Resting beneath natural light from the skylights mounted above it, the hulking figure of the 1.2 million-pound Union Pacific Big Boy cloaks visitors in a shadow that stretches for nearly 50 yards. As guests ascend the monstrous cab of this steam locomotive, they enter the centerpiece of the National Railroad Museum, a chamber echoing with more than 150 years of American railroading history.
After exiting Big Boy, guests can view a computer-generated porter that recounts how African-American rail workers formed the nation's first all-black labor union, and another stop invites passengers to view inside a portion of General Eisenhower's WWII command train. Elsewhere in the museum, various collections are housed with more than 15,000 photographs, archives such as maps and engineering drawings, and more than 5,000 artifacts including uniforms and tools.
The National Railroad Museum has over 60 pieces of rolling stock, including diesel, steam, and electric locomotives, and passenger and freight cars. Among these are some of the most influential and unique pieces in railroading history, including a number of items that pertain to the state of Wisconsin.
Other must-sees of the museum include General Motors’ experimental Aerotrain; the streamlined Pennsylvania Railroad No. 4890, a GG-1 electric locomotive; and the Frederick Bauer Drumhead Collection, the largest, single collection of railroad drumheads known to exist in the United States. Most facilities are accessible, except where rolling stock cannot be altered due to their historic nature. The Museum’s train ride is accessible, and a wheelchair lift is available.
A train ride is offered on a daily basis from May through September and guided tours are available from Memorial Day to Labor Day. The Museum also hosts a variety of special events for all ages.
Not just a pretty face... Founded in 1924, the Oshkosh Public Museum is a local history museum housed in the beautiful Sawyer home, with luxurious interiors designed by Tiffany Studios. In addition to the historic Sawyer home, the museum has 10,000 square feet of immersive exhibits that bring the region's history to life.
Founded in 1969 by a group of commercial fishermen, Door County Maritime Museum’s three locations illuminate the history of area waterways and the seafarers who've traveled them. The 20,000-square-foot Sturgeon Bay location, open 365 days a year, focuses on the evolution of shipbuilding. Its galleries house model ships ideal for transporting hand soap across sinks, along with displays on lighthouses and shipwrecks.
For an interactive adventure, patrons can board a fully restored Chicago fire tug from the 1960s for a two-hour in-water cruise, narrated by a trained docent. The Gills Rock location focuses on the shipwrecks that have peppered the Door Peninsula region, with supplementary exhibits on Great Lakes pirate Dan Seavey and maritime life-saving techniques, such as never boarding a ship named Titanic. Alternatively, patrons can climb 97 spiral-staircase steps to the summit of the Cana Island Lighthouse, which, along with the keeper’s house, has been preserved since 1869. In addition to educational displays, the museum also hosts various events to unite the maritime-enthusiast community. :m]]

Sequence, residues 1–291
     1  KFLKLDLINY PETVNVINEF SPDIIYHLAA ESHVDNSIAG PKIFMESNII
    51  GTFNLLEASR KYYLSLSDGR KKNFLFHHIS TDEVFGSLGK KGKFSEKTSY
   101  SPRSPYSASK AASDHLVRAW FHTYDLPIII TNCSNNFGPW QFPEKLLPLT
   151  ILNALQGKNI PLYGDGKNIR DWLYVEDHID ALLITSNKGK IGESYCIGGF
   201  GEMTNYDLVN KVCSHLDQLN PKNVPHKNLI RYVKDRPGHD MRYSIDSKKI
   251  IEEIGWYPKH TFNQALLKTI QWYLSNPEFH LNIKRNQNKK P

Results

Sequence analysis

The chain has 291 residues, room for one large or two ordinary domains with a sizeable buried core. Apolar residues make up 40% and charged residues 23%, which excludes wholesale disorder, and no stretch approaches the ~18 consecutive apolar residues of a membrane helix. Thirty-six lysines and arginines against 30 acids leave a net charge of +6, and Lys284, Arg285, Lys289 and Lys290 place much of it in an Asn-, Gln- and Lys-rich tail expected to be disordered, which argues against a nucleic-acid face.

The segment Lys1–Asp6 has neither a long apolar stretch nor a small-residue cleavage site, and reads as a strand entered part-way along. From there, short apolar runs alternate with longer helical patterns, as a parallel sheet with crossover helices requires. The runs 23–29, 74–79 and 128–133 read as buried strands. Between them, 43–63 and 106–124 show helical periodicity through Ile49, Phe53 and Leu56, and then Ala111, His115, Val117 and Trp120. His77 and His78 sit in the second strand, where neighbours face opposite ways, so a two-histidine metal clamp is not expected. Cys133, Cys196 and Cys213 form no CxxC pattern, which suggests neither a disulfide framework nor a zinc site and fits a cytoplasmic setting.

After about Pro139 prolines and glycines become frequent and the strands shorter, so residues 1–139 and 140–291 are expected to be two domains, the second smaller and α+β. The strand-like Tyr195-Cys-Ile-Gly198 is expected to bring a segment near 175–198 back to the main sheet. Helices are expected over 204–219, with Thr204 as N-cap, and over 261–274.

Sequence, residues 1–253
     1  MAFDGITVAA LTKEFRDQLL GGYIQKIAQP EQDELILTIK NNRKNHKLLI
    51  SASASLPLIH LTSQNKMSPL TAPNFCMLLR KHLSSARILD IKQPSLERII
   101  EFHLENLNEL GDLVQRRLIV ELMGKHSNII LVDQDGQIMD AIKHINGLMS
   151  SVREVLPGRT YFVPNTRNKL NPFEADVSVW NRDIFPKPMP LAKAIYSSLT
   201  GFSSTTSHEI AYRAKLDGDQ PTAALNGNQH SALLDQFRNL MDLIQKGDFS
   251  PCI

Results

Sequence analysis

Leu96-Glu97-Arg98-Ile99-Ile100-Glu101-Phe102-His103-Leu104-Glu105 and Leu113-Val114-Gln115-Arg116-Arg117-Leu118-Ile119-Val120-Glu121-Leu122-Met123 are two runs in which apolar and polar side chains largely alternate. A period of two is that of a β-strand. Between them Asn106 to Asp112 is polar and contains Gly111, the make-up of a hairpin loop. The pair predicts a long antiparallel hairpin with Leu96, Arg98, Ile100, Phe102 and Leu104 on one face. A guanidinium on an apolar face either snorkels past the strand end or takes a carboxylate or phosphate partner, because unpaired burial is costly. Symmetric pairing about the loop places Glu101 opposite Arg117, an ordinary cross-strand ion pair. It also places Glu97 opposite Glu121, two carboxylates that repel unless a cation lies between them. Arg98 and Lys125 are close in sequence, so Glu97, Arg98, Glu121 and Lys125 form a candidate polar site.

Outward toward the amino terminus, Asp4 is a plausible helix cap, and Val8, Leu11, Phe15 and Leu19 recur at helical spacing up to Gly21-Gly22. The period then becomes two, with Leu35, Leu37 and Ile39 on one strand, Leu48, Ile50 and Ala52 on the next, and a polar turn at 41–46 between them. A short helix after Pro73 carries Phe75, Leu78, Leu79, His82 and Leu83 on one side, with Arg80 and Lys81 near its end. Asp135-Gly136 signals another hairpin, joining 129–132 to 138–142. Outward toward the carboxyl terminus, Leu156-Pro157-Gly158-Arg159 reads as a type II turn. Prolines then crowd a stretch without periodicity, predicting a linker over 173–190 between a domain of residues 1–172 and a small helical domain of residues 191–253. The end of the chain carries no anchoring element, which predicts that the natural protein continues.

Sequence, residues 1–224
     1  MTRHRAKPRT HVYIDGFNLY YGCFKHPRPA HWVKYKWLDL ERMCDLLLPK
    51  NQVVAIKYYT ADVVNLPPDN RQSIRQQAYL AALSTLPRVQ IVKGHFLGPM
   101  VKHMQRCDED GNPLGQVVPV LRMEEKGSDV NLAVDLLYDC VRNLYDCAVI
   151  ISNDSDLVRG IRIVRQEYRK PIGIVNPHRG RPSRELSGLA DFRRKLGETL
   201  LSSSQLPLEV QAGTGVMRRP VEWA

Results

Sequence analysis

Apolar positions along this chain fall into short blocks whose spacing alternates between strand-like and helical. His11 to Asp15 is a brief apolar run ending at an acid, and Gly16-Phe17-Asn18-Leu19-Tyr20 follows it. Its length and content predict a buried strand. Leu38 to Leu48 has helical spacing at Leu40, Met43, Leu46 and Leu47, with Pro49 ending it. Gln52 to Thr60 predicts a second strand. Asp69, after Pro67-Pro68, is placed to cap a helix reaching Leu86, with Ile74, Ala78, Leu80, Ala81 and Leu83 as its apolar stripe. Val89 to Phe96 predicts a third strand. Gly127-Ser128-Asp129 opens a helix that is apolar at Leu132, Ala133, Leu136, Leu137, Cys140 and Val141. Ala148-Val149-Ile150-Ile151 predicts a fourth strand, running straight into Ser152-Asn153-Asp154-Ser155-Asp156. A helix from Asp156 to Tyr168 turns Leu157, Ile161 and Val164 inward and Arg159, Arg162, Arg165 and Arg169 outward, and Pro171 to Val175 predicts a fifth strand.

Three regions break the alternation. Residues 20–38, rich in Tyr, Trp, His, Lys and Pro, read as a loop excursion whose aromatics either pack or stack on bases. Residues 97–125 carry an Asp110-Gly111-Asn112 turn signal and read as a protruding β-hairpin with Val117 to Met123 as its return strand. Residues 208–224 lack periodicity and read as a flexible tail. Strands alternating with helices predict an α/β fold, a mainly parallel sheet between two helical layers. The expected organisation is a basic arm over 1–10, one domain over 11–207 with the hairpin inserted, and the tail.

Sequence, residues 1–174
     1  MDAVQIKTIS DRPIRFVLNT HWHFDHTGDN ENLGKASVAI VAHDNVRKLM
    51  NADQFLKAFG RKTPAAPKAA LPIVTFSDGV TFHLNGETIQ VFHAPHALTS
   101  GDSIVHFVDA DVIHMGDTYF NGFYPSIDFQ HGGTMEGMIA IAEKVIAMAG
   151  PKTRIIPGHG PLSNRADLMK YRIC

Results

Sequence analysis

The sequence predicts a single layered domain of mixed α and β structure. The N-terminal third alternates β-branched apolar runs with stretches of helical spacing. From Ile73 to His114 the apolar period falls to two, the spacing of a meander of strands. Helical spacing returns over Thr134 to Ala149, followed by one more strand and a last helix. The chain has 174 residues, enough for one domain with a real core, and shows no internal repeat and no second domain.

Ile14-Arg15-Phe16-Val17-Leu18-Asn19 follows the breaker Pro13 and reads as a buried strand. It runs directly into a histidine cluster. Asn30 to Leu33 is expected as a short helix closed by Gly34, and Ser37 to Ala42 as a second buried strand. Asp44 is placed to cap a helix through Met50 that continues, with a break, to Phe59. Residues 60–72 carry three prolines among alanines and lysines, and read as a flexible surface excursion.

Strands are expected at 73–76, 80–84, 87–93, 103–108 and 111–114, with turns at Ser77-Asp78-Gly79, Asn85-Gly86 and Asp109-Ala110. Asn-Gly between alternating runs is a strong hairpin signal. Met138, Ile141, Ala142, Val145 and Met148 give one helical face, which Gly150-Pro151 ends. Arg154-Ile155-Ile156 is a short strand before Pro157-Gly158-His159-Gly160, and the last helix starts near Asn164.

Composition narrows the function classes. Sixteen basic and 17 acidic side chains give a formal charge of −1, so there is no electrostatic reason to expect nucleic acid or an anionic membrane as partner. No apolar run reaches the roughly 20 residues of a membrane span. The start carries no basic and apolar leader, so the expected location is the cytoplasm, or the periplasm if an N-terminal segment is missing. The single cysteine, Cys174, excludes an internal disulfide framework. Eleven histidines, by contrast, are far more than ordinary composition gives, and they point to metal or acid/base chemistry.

With thousands of frame and mat samples, The Great Frame Up can satisfy any and all framing fantasies. The expert framespeople can make diplomas radiate (most diplomas can be framed for around $100), personalized jerseys glisten (most for under $300), and dorm-room movie posters sparkle (many 24x36 pieces are under $100). The design wizards can also find a home for any prized possession, such as shoebox photos, baby booties, ticket stubs, medals, and really good pot roasts. The Great Frame Up’s no-hassle guarantee and assurance that all work is done on-site means your frameables won't be subject to mistreatment at underground commercial framing facilities.
Heritage Hill State Historical Park is a living-history museum, dedicated to the preservation of buildings and artifacts of Northeast Wisconsin and its citizens. The 50-acre park houses carefully reproduced greenery and actual log cabins and buildings from the 1800s, such as a U.S. military fort hospital and a fur trader’s cabin, where mammals of all shapes and sizes would trade their dusty old pelts for feature-loaded furs. Heritage Hill State Historical Park also proudly displays a collection of more than 11,000 artifacts, including original artwork, books, clothing, and furnishings. To truly bring Wisconsin history to life, volunteers representing a way of life interact with park attendants, showing curious customers the various trades and methods of early Wisconsin living.
Brothers Aric and Brad Schmiling cultivated a passion for viticulture while growing up on their parents’ Italian-style winery. After moving to Green Bay, the duo set out to remedy the area’s winery deficit by founding Captain’s Walk Winery, where trained vintner Aric produces small-batch wines in water-bent French-oak barrels. Situated in a restored pre-Civil War building, the facility entices eyes with old-fashioned design features, including plaster crown moulding, an antique tasting bar, and a television from the eighteenth century. During the summer months, an on-site herb garden mimics the flavor and aroma profile of each wine, and a year-round tasting room offers guests an unpretentious glimpse into winemaking with laid-back tastings and a cellar viewing window carved into the wooden floor.